For a pilot intervention like the Sarraounia project, innovation is a strategic priority. The real issue of this experimentation is twofold. On the one hand, making the local agents aware that the school education of girls is a real social problem to which local solutions have to be found that are appropriate to their own situations. On the other hand, motivating local agents to get involved voluntarily themselves in the efforts for a collective plea in favour of this desirable social transformation.

To that end, we have put innovative activities in place in Niger, such as participative theatre sessions on sensitive themes such as the burden of household chores or child marriage. We have also begun organising awareness days. These are three-day immersion visits that we make to each community, during which recreational, sports or cultural activities are organised.

The Sarraounia project has, for example, set up a school exchange between 4th-year secondary school pupils from the rural school of Tombo Kasso and from a private school in Niamey. Beyond the ties formed between pupils from different social classes, these days have enabled the girl pupils, who have begun learning how to play handball this year, to play a match with the pupils from the capital.

Through this method we have helped create a virtuous circle of communication for social change at local level. From now on, every individual has the opportunity to be, voluntarily, a link in a chain of raising awareness among citizens of providing a school education for girls. This methodology is consistent with one of the key principles of the Belgian development cooperation, namely supporting local dynamics in interventions that prioritise endogenous approaches to development.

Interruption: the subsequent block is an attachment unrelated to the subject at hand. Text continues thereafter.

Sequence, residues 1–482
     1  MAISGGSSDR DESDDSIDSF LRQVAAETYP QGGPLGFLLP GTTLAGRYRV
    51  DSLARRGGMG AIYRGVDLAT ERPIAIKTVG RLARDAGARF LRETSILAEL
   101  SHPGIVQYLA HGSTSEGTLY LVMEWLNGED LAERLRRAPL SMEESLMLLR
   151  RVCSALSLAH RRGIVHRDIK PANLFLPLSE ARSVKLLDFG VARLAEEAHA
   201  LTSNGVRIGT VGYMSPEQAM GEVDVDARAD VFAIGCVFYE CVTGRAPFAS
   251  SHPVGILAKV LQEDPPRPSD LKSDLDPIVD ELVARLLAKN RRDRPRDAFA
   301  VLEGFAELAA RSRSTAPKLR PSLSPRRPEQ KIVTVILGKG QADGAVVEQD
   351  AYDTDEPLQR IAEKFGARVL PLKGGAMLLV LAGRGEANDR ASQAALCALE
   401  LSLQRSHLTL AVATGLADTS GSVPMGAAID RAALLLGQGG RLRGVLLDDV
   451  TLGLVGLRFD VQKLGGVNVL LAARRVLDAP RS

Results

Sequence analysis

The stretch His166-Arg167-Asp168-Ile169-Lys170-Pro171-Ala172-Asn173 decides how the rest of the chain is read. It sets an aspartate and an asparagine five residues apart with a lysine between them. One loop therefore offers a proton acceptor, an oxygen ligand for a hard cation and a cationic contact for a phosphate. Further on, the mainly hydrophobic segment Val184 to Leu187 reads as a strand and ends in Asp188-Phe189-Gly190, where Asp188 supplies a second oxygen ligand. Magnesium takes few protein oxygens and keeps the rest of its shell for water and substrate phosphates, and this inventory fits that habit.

Which people are the links in this awareness raising chain among citizens ?

The project highlights positive models, they are pioneering families who have, very early on, demonstrated their commitment to the schooling of girls, both in their own homes and in the public sphere. Despite strong social pressure, these exceptional families, who are, in the minority in their social environments, place greater value on girls attending school than on child marriage. Their example can motivate other members of the community who are reluctant to change their attitude or behaviour. 

In this respect, it is crucial to identify and improve the standing of progressive leaders, the individuals with most influence and respect within the communities, such as religious leaders or traditional leaders. For example, in the context of the first Sarraounia competition, an imam was awarded the prize for religious leader most committed to schooling for girls, after he handed over the dowry of his daughter, who was accepted for the General Certificate of Secondary Education, to enable her to continue her studies at upper secondary school. . 
What is the Girls Not Brides platform and the Global Meeting organised by it ?

The “Girls Not Brides” platform is a global partnership of organisations determined to put an end to child marriage worldwide. The Sarraounia project became a member of the platform in 2017.

An international gathering is being held in June 2018 in Malaysia. Our participation represents an opportunity for networking, exchanging experiences and good practices with member organisations coming from other countries or regions experiencing similar situations to those of Niger. Nigeria, for example, is also under attack from religious associations resistant to change in social norms in favour of child marriage.

For a project like Sarraounia, which is in the process of trying out innovative approaches, this is also undoubtedly an opportunity to raise the profile of the intervention internationally.